Legal ruckus over Kindle 2's text-to-speech feature

Buzz up!on Yahoo!It was hardly the most interesting or earth-shaking part of Jeff Bezos's introduction of the Kindle 2 on Monday, but one small, experimental feature in the device is already causing a minor uproar. Specifically: The Kindle 2's text-to-speech function, which will use a computerized voice to read aloud anything displayed on the device's screen. The problem? The Authors Guild says that that's against the law.

The challenge revolves around audiobooks, which are treated separately from printed material from a copyright standpoint. A retailer can't record a copy of a book on a CD and sell it or bundle it along with a novel without paying a separate fee, just as buying a copy of an audiobook doesn't entitle you to a free copy of the printed version.

Amazon -- and many legal observers -- vehemently question this stance, noting that an automated text-to-speech system isn't the same as a pre-recorded audio book. Some have even compared computerized speech systems like these to reading a children's storybook aloud at bedtime. Since the Kindle doesn't store a copy of the book on the device in an audio format, but rather converts from text on the fly, it seems likely that Amazon is on the right side of the law on this one.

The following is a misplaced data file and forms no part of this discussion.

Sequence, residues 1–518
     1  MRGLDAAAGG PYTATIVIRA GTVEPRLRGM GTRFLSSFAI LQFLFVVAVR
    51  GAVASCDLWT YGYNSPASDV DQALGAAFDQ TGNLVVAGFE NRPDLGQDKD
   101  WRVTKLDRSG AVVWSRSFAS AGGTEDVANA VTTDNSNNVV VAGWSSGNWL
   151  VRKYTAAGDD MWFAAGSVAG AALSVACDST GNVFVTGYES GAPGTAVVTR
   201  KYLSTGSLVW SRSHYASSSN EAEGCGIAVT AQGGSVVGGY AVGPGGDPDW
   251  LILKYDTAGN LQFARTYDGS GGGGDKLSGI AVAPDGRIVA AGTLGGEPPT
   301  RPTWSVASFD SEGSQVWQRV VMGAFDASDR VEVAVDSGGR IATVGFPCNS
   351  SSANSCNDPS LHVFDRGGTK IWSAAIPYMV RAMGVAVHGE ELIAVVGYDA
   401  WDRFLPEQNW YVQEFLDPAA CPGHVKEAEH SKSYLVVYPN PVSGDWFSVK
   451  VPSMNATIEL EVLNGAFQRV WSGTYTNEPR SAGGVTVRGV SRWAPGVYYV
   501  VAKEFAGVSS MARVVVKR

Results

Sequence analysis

Still, we're in a legal gray area that hasn't really been tested in court, and if our legal history has taught us anything, it's that judges can sway either way on these issues. If the Kindle 2's audio quality is good enough, it could eat substantially into the sales of audiobooks, and that alone tends to be a persuasive argument in the courtroom.

The Authors Guild doesn't seem ready to go to court yet, however. In a memo the organization sent to its membership this morning it said publishers and authors should "consider asking Amazon to disable the audio function on e-books it licenses." Get ready for a long road ahead on this one.